Jersey City Artist Tour slated for Saturday and Sunday
Mayor Steven Fulop, the Jersey City Municipal Council, and the Jersey City Office of Cultural Affairs will present the 26th Annual Jersey City Art & Studio Tour, a free self-guided tour featuring nearly 900 artists, 86 murals, and 200 participating stops that include galleries, artist studios, public art, and mixed-use and pop-up exhibition spaces. The tour will take place from noon to 6 p.m. throughout the city on Saturday, Oct. 8 and Sunday, Oct. 9.
The Jersey City Art & Studio Tour is a weekend-long celebration of Jersey City’s robust arts scene that features visual art, installation, multimedia, film, music, performance and everything in-between in locations throughout the city, including the flagship community exhibition space at 150 Pacific Ave.
“The Annual Jersey City Art & Studio Tour introduces visitors to one of the most vibrant arts communities in the state,” said Mayor Fulop. “This year, we have nearly 35 new participating venues representing recently opened small businesses and artist galleries, and over 20 new murals for guests and residents to explore.”
For more information go to http://thejcast.com/
Fulop celebrates plans to close coal power plant
PSE&G announced that it is planning to close two aging power plants by 2017, one of which is located in Jersey City, the other in Mercer County. The coal-powered PSEG Hudson Generating Station power plant in Jersey City was at one point considered one of the most polluting in the nation.
“We have worked with environmental groups over the last few years to advocate for the closing of the Jersey City station, which contributed to pollution and dangerous air quality for residents in Jersey City. We commend PSE&G for this decision that will improve quality of life in Jersey City.”
The two plants currently burn coal rarely, switching instead to natural gas when put into service. But those two plants have installed expensive pollution controls, at a cost of nearly $2 billion, to meet tougher environmental standards, making them less competitive with newer natural gas units.
Since 1906, The Hudson Generating Station in Jersey City has occupied 250-acres north of the intersection of Duffield and Van Keuren Avenues on the east bank of the Hackensack River.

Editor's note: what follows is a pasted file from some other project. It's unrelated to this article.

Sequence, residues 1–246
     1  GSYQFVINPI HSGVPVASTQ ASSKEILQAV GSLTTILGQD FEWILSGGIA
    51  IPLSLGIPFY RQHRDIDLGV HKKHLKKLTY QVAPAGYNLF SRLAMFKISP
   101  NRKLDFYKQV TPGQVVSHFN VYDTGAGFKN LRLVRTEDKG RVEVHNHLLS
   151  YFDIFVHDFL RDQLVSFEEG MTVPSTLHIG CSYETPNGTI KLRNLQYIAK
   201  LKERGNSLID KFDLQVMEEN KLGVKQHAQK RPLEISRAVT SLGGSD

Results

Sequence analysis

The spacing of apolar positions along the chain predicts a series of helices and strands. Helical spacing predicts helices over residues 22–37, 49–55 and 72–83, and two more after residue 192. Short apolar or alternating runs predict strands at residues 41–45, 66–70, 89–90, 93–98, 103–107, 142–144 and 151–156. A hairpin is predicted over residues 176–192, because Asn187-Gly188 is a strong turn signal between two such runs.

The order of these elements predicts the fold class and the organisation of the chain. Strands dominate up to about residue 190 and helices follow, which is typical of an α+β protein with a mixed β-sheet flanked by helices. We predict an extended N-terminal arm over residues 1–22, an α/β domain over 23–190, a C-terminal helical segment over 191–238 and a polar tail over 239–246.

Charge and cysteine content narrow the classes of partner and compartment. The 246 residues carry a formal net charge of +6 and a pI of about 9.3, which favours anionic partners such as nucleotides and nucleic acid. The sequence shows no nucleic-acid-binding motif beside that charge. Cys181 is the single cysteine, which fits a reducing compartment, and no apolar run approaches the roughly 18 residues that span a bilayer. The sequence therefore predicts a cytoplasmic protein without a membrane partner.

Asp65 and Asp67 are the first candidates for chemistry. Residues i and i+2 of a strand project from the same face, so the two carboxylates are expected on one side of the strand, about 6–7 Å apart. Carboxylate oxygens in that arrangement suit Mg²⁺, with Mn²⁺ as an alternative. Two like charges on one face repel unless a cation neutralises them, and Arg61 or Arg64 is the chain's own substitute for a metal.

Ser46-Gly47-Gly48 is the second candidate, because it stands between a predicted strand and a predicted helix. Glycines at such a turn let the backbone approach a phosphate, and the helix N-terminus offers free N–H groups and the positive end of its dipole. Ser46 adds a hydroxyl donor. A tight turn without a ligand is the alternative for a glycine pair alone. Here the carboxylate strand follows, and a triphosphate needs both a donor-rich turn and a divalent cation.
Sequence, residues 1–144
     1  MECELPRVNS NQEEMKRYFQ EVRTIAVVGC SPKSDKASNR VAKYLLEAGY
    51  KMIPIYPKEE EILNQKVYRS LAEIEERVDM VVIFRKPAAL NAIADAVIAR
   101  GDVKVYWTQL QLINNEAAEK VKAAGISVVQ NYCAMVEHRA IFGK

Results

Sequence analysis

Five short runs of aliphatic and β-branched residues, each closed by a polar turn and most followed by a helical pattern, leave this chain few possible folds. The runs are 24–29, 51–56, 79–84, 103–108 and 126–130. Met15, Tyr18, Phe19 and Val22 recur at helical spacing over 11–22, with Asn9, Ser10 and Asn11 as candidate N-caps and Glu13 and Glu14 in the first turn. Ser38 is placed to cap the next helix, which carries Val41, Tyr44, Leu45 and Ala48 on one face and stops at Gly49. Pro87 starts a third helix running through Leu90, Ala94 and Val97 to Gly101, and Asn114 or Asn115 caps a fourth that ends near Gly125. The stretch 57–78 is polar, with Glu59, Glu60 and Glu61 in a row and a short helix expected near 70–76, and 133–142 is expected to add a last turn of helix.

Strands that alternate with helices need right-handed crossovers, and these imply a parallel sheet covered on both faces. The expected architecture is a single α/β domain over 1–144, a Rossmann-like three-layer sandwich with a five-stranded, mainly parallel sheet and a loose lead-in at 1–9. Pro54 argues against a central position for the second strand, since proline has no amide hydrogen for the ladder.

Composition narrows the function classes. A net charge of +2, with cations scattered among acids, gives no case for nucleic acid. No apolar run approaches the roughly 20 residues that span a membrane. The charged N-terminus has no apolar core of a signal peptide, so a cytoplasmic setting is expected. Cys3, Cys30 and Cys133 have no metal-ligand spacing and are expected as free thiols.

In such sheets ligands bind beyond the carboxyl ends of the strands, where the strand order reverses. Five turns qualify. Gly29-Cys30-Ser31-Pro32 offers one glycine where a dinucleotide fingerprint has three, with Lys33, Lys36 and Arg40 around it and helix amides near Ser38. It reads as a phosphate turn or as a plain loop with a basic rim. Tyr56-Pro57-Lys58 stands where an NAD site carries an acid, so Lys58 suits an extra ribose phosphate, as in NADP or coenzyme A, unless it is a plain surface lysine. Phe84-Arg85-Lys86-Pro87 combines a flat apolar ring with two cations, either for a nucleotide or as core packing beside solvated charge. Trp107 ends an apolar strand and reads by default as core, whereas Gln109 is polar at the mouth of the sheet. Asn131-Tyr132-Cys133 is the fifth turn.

Last year, Fulop joined the New Jersey Sierra Club – and a diverse coalition of community leaders in the hilltop park overlooking the power plant – to support Obama’s plan that would call for a 32 percent reduction of carbon emissions from 2005 levels by 2030.
Coal-fueled plants also have a significant local impact on health, Fulop said, noting that these facilities are usually located in impoverished areas and contributed to a number of respiratory ailments. One report by a not-for-profit called “Toll from Coal” estimated that 531 people in New Jersey die each year from coal-related deaths. Coal also contributes to 445 hospital admissions yearly, and is connected to about 987 heart attacks.
Jersey City gets $1.9 million to expand community policing
U.S. Senators Bob Menendez and Cory Booker, and Congressman Albio Sires (D-8th Dist.) announced that Jersey City has been awarded $1,875,000 in federal funding to hire 15 new police officers. The grant was awarded through the Department of Justice’s Community Oriented Policing Services (COPS) Hiring Program (CHP).
“These grants are critically important to expanding community policing and keeping our neighborhoods safe,” said Sen. Menendez. “We have an obligation to support our local police and to protect our residents, and that’s exactly why I’ll continue to fight to make sure New Jersey’s police departments, like Jersey City, have the resources they need to hire new officers and get the job done.”
“As communities across the nation are forced to make tough budget decisions, this federal grant will bolster public safety by helping ensure New Jersey police departments like Jersey City are adequately staffed,” said Sen. Booker. “The COPS program makes critical investments in innovating and enhancing the effectiveness of community policing, which is why I stand committed to ensuring it’s fully funded.”